Today I welcome author Brenda Murphy to the blog to talking about the editing process.
1) Tell us a bit about you and your writing
I write women loving women erotic romance and publish with NineStar Press. I had written short stories on and off over the years, but six years ago I began submitting them to various anthologies and actively seeking publication. I had a collection of short stories published but was afraid to transition into novel writing. After one of my favourite stories was rejected, a very good friend who had read the story, said in the most gentle way, "it's because it needs to be a novel." And that was how I wrote my first book. NineStar press accepted it and I have been with them ever since.
The third book, in the series started by that short story- that-became-a-novel, Knotted Legacy, just made a top 100 vacation reads list from The Lesbian Review and I could not be more grateful that I listened to my friend.
2) What do you enjoy most about the editing process?
I am a fast drafter. I blow through my outline and don't stop to edit myself while I'm writing the first draft. My writing process is like building a house, I get the foundation of story set, and frame the structure with my fast draft. I have a very freeform outline and it's not unusual for my story to change as I'm drafting. Editing for me is a chance to add the things that make a story come together and shine, like foreshadowing, and making sure the theme is clear. It has been said that writing is re-writing, and I agree. What I love about editing is the chance to play with words and find the right words to make my story sing.
3) What do you find hardest about the editing process?
The hardest part of editing for me is the final edits, the copy edits. I am a fast reader and miss things all the time.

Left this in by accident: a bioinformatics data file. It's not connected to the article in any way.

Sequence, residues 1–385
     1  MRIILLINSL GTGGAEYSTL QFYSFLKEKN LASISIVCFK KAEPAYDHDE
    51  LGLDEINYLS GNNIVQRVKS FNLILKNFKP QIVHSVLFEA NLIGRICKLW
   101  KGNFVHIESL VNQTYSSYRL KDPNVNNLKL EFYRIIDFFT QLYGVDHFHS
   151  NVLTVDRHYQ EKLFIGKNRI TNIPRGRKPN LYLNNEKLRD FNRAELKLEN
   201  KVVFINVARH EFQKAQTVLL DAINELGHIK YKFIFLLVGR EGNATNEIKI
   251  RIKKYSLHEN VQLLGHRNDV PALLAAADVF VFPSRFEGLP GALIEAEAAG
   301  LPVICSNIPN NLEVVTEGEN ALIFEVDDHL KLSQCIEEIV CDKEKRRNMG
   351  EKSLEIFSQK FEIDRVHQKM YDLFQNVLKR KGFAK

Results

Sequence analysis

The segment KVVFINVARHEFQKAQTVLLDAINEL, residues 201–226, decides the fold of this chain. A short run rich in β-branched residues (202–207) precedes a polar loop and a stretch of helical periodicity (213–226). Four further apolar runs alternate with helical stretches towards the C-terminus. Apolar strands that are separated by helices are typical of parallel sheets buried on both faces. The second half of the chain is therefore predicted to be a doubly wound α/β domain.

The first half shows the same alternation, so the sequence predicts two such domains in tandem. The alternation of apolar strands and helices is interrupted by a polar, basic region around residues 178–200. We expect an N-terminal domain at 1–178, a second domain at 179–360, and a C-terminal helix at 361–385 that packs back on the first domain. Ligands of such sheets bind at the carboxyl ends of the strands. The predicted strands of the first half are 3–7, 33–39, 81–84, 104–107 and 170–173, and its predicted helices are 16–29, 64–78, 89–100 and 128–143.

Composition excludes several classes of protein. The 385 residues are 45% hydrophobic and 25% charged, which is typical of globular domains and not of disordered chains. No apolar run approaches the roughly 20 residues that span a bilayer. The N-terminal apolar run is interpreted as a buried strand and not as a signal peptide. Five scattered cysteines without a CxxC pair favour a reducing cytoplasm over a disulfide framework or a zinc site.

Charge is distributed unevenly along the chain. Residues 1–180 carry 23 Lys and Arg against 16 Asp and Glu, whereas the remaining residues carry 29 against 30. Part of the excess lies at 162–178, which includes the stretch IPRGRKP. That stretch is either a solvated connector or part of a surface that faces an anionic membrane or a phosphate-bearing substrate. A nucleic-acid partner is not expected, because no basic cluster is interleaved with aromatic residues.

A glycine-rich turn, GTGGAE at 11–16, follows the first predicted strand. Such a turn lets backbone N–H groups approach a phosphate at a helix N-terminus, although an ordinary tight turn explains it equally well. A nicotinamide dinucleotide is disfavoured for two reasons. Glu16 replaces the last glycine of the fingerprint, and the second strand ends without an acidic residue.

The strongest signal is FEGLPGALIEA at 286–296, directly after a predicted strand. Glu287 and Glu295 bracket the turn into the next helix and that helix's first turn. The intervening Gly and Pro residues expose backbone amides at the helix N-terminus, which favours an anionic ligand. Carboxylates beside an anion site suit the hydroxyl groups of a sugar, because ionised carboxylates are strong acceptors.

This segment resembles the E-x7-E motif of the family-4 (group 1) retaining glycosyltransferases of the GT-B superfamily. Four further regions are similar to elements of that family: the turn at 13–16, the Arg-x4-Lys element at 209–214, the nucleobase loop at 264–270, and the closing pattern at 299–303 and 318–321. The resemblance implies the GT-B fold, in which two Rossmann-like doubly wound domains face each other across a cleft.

4) What are your general thoughts on editing as part of the overall publishing process?
Editing is the most critical part of the publishing process. I have put more than one book aside because of poor editing. It always makes me sad because I can often see the glimmer of a fantastic story, but poor editing makes it onerous to read. I'm not talking about copy edits, in this case, I'm talking about structure and tightness of the writing. I am a voracious reader and read about 200 books each year, indie published, small press, and big five, the one thing that sets a book apart is solid editing. You can have the most incredible story in the world but, if it's not well edited, no one will ever know.
5) What are your top editing-related tips for authors?My top five editing tips for authors:
1. Give yourself a cooling off period between finishing the first draft and editing. Two to six weeks is reasonable. Build the time into your production schedule so you can take the time to see the work with new eyes.
2. Use The Writer's Lexicon Vol. 1 and Vol. 2 by Kathy Steinemann. Read them, use them. These two books will elevate your writing, and make editing less painful.
3. Figure out your weak areas and get help. I am hella good at math, biology, chemistry, and physics, but grammar mystifies me. I use every aide I can find to catch my errors before I submit my work.
4. Keep a list of pet words you over use, use the search feature to locate them and find replacements for them.
5. Embrace it. Editing is your opportunity to let your work shine. Good editing will not fix a poorly thought out story, but bad editing will destroy a good story.
About the Author
Brenda Murphy writes short fiction and novels. She loves tattoos and sideshows and yes, those are her monkeys. When she is not loitering at her local tea shop and writing, she wrangles two kids, one dog, and an unrepentant parrot. She reviews books, blogs about life as a writer with ADHD and publishes photographs on her blog Writing While Distracted. You can find her on Facebook by clicking here. Or if Twitter is your thing follow @BMurphySideshow. You can also sign up for her email list at www.brendalmurphy.com.
Brenda's books are available from Amazon and NineStar Press